Sahara geology presented as a flan recipe, from French naturalist Théodore Monod’s Méharées: Explorations au vrai Sahara, 1937:
Take a flan-tray, which represents the basement (our Mauretanian and Tuareg granites).
Place some pastry in the flan-tray in irregular masses (A) — these are the Precambrian mountain chains, the Saharides.
Level this off with a knife (B) so that the folds, as in erosional peneplanation of the Sahara, are seen only in the ravines which cross the plain; the mountains are now vigorously planed down.
First event: a tap (from which, fortunately, jam flows) floods the garnished mould (C). Similarly the sea at the beginning of the Palaeozoic invaded the Saharan basement, which it then partly occupied, until the middle Carboniferous — what an enormous amount of jam! All this time the Sahara is under water, and sandstones, limestones, conglomerates and shales were deposited — all the sediments of the Tuareg and Mauritanian plateaux.
A new event (the djinns must have been at work here) — the bottom of the flan-tray experiences an uplift; the dish, pastry and jam emerge (D). This is the time of the coal measures; the sea retreats, and the Sahara is left high and dry, basking in the sun.
But whoever says dry land, implies erosion; the sediments rise up, are corroded, and the spoon cuts so deeply that it exposes the jam, pastry, and sometimes even the metal of the flan-tray (E).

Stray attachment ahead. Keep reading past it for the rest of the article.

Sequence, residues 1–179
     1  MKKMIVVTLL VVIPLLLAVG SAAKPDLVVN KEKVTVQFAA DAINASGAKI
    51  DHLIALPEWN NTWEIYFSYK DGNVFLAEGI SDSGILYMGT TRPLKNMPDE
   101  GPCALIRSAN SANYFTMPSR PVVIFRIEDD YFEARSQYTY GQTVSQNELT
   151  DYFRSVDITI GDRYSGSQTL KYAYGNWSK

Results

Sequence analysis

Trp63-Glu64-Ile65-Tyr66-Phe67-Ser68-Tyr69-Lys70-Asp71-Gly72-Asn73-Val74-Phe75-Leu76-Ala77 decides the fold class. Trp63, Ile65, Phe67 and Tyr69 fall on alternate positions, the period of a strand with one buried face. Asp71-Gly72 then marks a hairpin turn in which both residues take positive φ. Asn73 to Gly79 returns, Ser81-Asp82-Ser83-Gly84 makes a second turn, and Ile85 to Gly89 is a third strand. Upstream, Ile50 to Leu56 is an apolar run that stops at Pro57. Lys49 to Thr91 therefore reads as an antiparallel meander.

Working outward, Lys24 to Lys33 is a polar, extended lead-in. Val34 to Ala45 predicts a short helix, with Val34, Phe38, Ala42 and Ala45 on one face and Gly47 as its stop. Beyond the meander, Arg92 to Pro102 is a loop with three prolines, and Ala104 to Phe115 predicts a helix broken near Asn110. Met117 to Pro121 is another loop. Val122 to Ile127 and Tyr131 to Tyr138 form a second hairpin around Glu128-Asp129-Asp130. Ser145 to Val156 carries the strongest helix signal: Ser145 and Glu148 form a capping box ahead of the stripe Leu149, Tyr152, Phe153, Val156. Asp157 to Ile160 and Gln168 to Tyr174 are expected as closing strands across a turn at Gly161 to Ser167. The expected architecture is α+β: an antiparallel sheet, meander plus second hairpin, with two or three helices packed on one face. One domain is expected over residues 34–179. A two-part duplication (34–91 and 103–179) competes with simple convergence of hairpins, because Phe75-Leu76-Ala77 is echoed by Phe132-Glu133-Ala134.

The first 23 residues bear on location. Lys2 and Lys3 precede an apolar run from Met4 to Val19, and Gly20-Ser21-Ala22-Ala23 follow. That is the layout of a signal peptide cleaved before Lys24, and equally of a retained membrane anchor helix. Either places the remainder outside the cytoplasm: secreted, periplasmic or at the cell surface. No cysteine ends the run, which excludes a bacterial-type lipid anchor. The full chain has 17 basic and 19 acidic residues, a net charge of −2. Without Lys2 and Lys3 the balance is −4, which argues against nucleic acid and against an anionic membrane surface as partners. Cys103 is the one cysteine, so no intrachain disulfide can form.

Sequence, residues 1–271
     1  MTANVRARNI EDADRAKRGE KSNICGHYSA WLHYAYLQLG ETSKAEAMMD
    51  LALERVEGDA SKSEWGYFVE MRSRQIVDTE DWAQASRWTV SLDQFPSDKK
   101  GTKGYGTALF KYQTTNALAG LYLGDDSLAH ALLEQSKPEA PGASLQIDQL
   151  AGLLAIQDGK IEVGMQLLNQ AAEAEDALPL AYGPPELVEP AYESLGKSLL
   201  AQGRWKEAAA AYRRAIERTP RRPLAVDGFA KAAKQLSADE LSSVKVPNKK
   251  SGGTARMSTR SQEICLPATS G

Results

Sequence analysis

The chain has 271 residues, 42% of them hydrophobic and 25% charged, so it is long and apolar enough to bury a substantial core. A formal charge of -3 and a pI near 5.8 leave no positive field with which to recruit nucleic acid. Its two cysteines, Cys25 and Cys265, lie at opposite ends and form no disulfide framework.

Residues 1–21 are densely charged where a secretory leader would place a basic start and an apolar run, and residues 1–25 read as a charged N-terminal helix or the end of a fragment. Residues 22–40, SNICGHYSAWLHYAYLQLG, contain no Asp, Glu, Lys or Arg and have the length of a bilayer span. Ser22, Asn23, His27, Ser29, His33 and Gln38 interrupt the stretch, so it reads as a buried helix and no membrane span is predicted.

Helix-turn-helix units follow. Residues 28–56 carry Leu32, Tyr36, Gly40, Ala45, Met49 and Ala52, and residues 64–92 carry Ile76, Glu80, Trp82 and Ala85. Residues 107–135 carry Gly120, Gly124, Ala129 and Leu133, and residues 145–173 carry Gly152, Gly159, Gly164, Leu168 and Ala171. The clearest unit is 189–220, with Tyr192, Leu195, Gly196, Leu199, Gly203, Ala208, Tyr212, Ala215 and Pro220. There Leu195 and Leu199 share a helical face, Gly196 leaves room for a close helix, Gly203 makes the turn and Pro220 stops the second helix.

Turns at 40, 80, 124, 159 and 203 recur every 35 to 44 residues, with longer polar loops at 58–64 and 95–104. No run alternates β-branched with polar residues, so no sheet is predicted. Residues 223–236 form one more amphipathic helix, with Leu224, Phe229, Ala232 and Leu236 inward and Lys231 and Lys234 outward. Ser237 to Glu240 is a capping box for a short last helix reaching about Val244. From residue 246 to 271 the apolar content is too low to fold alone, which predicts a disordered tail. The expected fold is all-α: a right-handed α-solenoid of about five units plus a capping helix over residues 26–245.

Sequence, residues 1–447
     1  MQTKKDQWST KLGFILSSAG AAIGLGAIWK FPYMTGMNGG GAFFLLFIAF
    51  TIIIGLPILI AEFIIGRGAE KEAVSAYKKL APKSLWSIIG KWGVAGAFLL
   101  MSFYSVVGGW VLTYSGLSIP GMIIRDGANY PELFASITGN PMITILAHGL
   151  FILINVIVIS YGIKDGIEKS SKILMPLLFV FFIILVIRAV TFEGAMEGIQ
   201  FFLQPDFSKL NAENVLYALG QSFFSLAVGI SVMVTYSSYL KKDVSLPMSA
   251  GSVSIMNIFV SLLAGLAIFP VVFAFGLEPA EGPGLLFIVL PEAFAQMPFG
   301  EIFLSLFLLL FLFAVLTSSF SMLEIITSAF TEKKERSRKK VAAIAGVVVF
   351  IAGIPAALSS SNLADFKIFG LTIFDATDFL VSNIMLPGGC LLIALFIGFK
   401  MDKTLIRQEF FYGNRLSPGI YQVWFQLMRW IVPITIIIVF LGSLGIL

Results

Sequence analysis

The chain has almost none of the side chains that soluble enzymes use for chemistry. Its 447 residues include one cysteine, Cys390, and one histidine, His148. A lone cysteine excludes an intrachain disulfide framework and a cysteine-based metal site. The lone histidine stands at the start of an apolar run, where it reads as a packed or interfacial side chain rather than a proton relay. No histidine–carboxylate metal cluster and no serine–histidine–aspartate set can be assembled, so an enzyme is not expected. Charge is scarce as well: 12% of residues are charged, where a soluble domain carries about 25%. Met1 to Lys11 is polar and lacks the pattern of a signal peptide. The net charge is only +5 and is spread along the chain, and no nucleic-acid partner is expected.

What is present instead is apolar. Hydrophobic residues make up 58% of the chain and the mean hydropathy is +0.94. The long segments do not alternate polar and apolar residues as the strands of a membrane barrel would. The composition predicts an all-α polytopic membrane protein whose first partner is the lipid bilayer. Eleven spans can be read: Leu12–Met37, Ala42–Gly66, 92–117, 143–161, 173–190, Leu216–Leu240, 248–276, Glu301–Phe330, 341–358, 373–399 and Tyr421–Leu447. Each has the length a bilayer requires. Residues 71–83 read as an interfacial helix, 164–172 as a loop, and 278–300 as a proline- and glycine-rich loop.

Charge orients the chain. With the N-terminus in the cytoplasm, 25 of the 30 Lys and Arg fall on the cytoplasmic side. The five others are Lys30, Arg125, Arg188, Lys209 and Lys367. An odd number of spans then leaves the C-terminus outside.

And while this continues for millions of years, erosion is unable to evaporate its own debris and the eroded sediments are not washed away to the sea — they just accumulate, and what is lost in some districts is gained by others, whilst gradual infilling continues (F).
Then one fine day, while iguanodons are blundering around in Picardy, and swarms of ammonites are scudding around in the Parisian sea, a second tap is turned on again and adds another layer, this time of cream (for convenience of explanation) (G). The sea re-invades a good part of the Sahara and deposits the usual sediments — Cretaceous and Eocene.
A new retreat of the sea and a new continental phase occur, with customary erosion and deposition (H).